Novels and Children

When I was in college, one of the first books of “theory” I read was Roland Barthes Mythologies. It’s a lovely book that I hope people still read, even though many of its reference points were already pretty obscure twenty years ago. It’s one of those books that was called “theory” because they didn’t know what else to call it, although just plain criticism, or better yet, essays, would have done.

One of the little essays is called “Novels and Children.” It starts like this:

“If we are to believe the weekly Elle, which some time ago mustered seventy women novelists on one photography, the woman of letters is a remarkable zoological species: she brings forth, pell-mell, novels and children. We are introduced, for example, to Jacqueline Lenoir (two daughters, one novel); Marina Grey (one son, one novel); Nicole Dutreil (two sons, four novels), etc.”

Barthes reads the magazine’s balancing of novels and children as an indulgence and a warning – it celebrates the novels and reassures with the number of children that female duty is not be shirked: “One novel, one child, a little feminism, a little connubiality.” As for the men with whom children are had and who might also write books, he is “Nowhere and everywhere, like the sky, the horizon, an authority which at ones determines and limits a condition. Such is the world of Elle.” 


I think about Barthes each time I see some article, usually in some contemporary ad hippified version of Elle, about how hard it is to write after having had a baby. There are the obligatory references to sleepless nights, to the spilled cup of milk across the lap top, to the noise and lack of solitude. There is of course truth in all of this. And yet each round of these pieces agitates me, for reasons I haven’t been able to figure out, until, recently, I heard myself respond to the latest one by scowling at the screen, “but having a baby is what made me a writer.”

I’ve wanted to be a writer my whole life, and I’ve written my whole life. By some standards I’m still not a proper writer, in that I don’t make much money from writing, although my job involves writing as part of the job description. (One part of me rereads Barthes piece and thinks only – one child; no novels –  what a failure.)  And yet once it hit me the thought would not go away: having a baby made me a writer.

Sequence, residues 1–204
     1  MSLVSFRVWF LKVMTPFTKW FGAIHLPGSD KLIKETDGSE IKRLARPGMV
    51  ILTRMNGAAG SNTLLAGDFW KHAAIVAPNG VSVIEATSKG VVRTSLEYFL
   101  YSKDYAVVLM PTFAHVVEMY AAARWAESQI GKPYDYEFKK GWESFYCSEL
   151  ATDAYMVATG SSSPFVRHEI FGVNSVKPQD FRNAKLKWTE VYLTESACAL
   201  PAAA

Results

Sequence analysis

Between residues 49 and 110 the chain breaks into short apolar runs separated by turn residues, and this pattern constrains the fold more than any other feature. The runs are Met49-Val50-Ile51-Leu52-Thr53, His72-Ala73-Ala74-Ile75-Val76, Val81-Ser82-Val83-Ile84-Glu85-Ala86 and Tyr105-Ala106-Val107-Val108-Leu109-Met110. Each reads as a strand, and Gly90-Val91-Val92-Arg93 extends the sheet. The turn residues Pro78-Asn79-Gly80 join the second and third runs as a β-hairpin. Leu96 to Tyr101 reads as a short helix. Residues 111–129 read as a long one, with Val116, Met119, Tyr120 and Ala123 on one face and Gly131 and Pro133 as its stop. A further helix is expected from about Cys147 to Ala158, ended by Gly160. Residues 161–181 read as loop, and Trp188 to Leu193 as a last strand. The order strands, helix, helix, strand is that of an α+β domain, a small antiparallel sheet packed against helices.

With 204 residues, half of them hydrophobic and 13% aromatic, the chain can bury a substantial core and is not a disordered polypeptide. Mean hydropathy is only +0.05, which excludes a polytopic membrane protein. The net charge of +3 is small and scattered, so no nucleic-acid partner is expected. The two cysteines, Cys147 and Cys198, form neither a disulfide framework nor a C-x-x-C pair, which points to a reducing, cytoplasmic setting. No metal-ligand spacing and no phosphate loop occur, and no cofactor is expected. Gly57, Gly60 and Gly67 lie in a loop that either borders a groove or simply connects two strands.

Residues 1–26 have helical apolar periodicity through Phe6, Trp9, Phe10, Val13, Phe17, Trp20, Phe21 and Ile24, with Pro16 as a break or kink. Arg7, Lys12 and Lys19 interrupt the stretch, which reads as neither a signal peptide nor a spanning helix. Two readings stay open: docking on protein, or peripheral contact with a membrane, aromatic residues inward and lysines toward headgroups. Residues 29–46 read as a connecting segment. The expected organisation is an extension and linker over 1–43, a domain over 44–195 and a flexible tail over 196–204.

What I mean by this is that having a baby made me write more, more boldly, smarter, and better, than I did before, and to produce some of the first work I’m unambiguously proud of. I think there are a variety of reasons for this.  I’ve always been someone who writes/works better when there are other things going on. We all have this fantasy that when we finally have a blank slate of time, this is when we will create, but this has never been true for me. So many creative projects begin out of turmoil, heartbreak, the dark night of the soul. Motherhood wasn’t that for me but it was a different place, a new place I wanted to discover in ways that made me better even when I was writing about things that had nothing to do with motherhood.

It is of course true that men who write and have children are not asked how they manage to do both. (Though perhaps they should be: a friend once told me a prominent writer he knows once credited his prolific output to having children and having had health crises: he knew his time was limited.  Sometimes I think what made me a writer was realizing I was going to die, which having a baby also did.) But as with most things, it’s not enough to point out the double standard.

I don’t begrudge women or men who were successful, prolific writers before having children and who struggle after from sharing their experiences, and I certainly understand why a lot of writers don’t want kids.  But the proliferation of “child versus book” stories bother me because they feed careerist and capitalist narratives – that how many hours you put into something is the sole determinate of how good and worthwhile it is, and that it’s a zero sum game.  That one’s narrow and obsessive focus on a single thing, be it books or babies, is a sign of your “seriousness.” That the hours you spend walking in the park and learning about space are a sacrifice, they go on one side of the ledger labeled parenting and will not fuel your own mind and work in anyway.  That the time spent writing is only time you sneak away from your children, and will not feed that part of your life. Parenting and writing are both work, unquestionably so, but they are not only that, and as much as they compete, at their best they require some of the same habits of mind, most of all that we slow down and pay attention, and ignore the bean counters as much as we can.



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